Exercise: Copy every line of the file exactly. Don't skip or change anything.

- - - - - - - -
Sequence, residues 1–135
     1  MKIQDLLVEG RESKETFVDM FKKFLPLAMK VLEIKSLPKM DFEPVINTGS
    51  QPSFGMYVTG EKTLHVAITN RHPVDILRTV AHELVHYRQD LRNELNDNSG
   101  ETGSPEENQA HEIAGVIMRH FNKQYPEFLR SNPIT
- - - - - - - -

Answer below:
Sequence, residues 1–135
     1  MKIQDLLVEG RESKETFVDM FKKFLPLAMK VLEIKSLPKM DFEPVINTGS
    51  QPSFGMYVTG EKTLHVAITN RHPVDILRTV AHELVHYRQD LRNELNDNSG
   101  ETGSPEENQA HEIAGVIMRH FNKQYPEFLR SNPIT